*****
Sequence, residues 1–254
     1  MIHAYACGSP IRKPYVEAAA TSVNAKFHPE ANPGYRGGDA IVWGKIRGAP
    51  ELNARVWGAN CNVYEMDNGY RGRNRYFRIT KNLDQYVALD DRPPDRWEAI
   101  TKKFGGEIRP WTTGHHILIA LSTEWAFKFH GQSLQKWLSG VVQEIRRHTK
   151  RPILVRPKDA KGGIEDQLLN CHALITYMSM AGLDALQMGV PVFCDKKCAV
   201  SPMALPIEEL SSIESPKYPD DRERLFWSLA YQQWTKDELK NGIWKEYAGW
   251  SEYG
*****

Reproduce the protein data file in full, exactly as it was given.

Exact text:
Sequence, residues 1–254
     1  MIHAYACGSP IRKPYVEAAA TSVNAKFHPE ANPGYRGGDA IVWGKIRGAP
    51  ELNARVWGAN CNVYEMDNGY RGRNRYFRIT KNLDQYVALD DRPPDRWEAI
   101  TKKFGGEIRP WTTGHHILIA LSTEWAFKFH GQSLQKWLSG VVQEIRRHTK
   151  RPILVRPKDA KGGIEDQLLN CHALITYMSM AGLDALQMGV PVFCDKKCAV
   201  SPMALPIEEL SSIESPKYPD DRERLFWSLA YQQWTKDELK NGIWKEYAGW
   251  SEYG